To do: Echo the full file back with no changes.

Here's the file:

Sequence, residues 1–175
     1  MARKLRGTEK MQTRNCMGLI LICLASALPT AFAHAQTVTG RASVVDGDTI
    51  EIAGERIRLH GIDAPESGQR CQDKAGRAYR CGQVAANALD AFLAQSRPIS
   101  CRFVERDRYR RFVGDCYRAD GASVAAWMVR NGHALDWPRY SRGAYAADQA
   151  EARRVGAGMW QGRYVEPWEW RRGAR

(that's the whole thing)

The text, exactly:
Sequence, residues 1–175
     1  MARKLRGTEK MQTRNCMGLI LICLASALPT AFAHAQTVTG RASVVDGDTI
    51  EIAGERIRLH GIDAPESGQR CQDKAGRAYR CGQVAANALD AFLAQSRPIS
   101  CRFVERDRYR RFVGDCYRAD GASVAAWMVR NGHALDWPRY SRGAYAADQA
   151  EARRVGAGMW QGRYVEPWEW RRGAR